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Born at Barcelona, c. 1250; died c. 1320. Pontius and Carbonell are names frequently met with in Spain, especially in Catalonia. Hence it is difficult to distinguish between the different persons bearing this name in the same century. Pontius entered the Franciscan Order and resided principally in the convent at Barcelona, where he was teacher and confessor to St. Louis, Bishop of Toulouse, during his seven years' captivity. He was also confessor to the Infant Juan of Aragon, Archbishop of Saragossa, to whom he dedicated some of his works. Probably Pontius was superior in 1314. On 25 Sept. of that year he was sent by King James II to his brother, Frederic II, King of Sicily, to entreat him not to give protection to the Fraticelli. On 12 Jan., 1316, and again on 25 Feb., Pontius wrote concerning the result of his mission. Finke has published several of these documents. In a calendar of Franciscan saints drawn up about 1335 at Assisi, Pontius is mentioned as "master and confessor of our holy brother Louis, Archbishop of Toulouse"; and Fr. Antony Vincente, O.P., registers him among the saints of Catalonia. He wrote commentaries on the Old and New Testament, and quotes largely from the Fathers and Doctors of the Church. Several writers hold that he composed the "Catena Aurea Evang.", usually published among the writings of St. Thomas. In defence of this opinion Fr. Martin Perez de Guevara wrote in 1663 a book entitled "Juizio de Salomon etc.", but which was placed on the Index two years later. Not all his works have been published. Nine large folio volumes in Manuscript are preserved in the library of S. Juan de los Reyes at Toledo.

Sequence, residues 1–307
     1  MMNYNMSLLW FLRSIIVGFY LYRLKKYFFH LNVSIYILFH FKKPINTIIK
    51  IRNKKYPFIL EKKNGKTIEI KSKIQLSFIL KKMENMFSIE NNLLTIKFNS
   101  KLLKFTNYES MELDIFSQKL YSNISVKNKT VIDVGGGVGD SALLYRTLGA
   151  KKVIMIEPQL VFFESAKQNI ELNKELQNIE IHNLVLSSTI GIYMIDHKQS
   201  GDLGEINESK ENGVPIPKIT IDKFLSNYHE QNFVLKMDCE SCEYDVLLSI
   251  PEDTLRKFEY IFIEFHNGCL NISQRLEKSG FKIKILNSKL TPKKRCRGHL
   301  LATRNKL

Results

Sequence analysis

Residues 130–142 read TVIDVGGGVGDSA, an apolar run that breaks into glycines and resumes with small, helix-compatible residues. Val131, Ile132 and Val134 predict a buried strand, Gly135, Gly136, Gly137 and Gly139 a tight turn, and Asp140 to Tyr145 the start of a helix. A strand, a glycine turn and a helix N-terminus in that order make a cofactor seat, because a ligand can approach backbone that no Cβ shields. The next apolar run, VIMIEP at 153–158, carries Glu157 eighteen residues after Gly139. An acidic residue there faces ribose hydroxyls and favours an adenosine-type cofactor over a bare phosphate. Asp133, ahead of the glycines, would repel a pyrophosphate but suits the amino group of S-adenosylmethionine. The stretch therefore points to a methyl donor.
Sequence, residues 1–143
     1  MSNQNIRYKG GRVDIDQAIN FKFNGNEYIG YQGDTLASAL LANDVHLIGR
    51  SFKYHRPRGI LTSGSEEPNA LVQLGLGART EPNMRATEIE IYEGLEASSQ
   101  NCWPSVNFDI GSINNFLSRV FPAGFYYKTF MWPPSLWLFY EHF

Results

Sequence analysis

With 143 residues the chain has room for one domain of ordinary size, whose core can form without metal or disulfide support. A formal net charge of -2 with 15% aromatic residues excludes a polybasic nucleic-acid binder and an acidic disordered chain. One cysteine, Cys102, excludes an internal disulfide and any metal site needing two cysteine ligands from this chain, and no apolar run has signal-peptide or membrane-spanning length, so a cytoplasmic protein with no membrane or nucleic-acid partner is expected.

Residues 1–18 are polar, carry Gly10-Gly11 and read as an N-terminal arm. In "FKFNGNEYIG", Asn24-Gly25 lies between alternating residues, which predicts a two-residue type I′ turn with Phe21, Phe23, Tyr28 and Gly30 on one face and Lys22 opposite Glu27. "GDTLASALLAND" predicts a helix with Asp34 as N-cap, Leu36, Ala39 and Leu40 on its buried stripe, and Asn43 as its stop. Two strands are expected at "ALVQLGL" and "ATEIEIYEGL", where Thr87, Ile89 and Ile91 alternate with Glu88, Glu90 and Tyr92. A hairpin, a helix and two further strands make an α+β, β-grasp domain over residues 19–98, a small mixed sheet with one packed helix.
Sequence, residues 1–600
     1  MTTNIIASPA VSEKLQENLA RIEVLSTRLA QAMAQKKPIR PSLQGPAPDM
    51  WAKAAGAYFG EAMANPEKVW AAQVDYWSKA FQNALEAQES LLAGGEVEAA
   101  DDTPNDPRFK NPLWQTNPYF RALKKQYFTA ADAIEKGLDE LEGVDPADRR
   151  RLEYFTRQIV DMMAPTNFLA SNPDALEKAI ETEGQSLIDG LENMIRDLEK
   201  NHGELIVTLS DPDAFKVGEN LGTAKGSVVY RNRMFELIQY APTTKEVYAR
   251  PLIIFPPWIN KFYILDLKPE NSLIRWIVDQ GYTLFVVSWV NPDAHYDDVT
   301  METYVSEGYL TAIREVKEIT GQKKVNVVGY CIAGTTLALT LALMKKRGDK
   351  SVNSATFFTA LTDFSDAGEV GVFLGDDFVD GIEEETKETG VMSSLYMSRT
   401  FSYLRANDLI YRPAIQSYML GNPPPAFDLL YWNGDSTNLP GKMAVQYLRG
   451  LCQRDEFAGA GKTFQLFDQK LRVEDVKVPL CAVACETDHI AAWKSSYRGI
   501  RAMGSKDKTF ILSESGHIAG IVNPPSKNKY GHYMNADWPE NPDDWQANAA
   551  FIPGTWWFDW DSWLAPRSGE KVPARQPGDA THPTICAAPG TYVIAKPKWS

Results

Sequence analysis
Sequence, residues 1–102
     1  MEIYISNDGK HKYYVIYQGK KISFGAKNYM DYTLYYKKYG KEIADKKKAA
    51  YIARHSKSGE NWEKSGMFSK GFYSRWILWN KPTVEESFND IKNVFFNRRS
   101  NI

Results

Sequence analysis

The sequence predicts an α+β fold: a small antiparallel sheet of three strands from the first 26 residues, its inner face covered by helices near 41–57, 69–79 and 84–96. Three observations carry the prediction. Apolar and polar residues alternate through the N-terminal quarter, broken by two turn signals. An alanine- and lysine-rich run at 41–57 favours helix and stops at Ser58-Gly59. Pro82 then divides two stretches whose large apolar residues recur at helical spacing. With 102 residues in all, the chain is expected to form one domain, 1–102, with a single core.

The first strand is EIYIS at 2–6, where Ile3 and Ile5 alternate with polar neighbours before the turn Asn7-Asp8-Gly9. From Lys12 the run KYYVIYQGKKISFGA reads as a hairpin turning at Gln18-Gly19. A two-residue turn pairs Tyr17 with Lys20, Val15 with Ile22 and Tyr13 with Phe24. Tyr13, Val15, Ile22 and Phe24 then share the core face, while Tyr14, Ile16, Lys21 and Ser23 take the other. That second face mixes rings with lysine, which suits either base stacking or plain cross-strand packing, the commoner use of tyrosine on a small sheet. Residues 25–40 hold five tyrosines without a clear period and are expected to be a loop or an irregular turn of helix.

WADDING, Annales, I, V (Rome, 1733); WADDING-SBARALEA (Rome, 1806); JOANNES A S. ANTONIO, Bibliotheca Universa Franciscana (Madrid, 1732); PISANUS, Liber Conformitatum (ed. Quaracchi, 1907); DE ALVA Y ASTORGA, Indiculus Bullarii Seraph. (Rome, 1655); FABRICIUS, Bibliotheca Med. Ævi. (Florence, 1734); COLL, Chronicon Calaloniœ; SIXTUS SENENSIS, Bibliotheca (Naples, 1742); ANTONIO, Bibliotheca, Hisp. Vet. (1798); AMAT, Escrit Catal. (1836); Annalecta Bollandiana, IX (Brussels, 1890); Catalogus Sanctorum Fratrum, ed. LEMMENS (Rome, 1903); FINKE, Quellen (Berlin, 1908).